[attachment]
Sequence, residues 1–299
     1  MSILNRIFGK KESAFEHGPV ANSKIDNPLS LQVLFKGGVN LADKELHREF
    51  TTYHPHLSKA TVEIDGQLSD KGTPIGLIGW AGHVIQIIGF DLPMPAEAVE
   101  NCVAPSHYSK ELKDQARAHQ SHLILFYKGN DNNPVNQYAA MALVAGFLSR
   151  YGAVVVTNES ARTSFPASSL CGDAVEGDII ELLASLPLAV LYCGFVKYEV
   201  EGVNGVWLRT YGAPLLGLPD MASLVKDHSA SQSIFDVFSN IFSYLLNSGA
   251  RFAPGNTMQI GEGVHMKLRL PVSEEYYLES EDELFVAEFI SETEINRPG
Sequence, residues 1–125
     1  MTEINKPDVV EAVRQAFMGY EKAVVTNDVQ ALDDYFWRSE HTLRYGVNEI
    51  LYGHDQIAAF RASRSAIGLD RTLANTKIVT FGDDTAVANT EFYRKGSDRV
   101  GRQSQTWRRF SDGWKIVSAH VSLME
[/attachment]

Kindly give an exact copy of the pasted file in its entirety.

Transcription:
Sequence, residues 1–299
     1  MSILNRIFGK KESAFEHGPV ANSKIDNPLS LQVLFKGGVN LADKELHREF
    51  TTYHPHLSKA TVEIDGQLSD KGTPIGLIGW AGHVIQIIGF DLPMPAEAVE
   101  NCVAPSHYSK ELKDQARAHQ SHLILFYKGN DNNPVNQYAA MALVAGFLSR
   151  YGAVVVTNES ARTSFPASSL CGDAVEGDII ELLASLPLAV LYCGFVKYEV
   201  EGVNGVWLRT YGAPLLGLPD MASLVKDHSA SQSIFDVFSN IFSYLLNSGA
   251  RFAPGNTMQI GEGVHMKLRL PVSEEYYLES EDELFVAEFI SETEINRPG
Sequence, residues 1–125
     1  MTEINKPDVV EAVRQAFMGY EKAVVTNDVQ ALDDYFWRSE HTLRYGVNEI
    51  LYGHDQIAAF RASRSAIGLD RTLANTKIVT FGDDTAVANT EFYRKGSDRV
   101  GRQSQTWRRF SDGWKIVSAH VSLME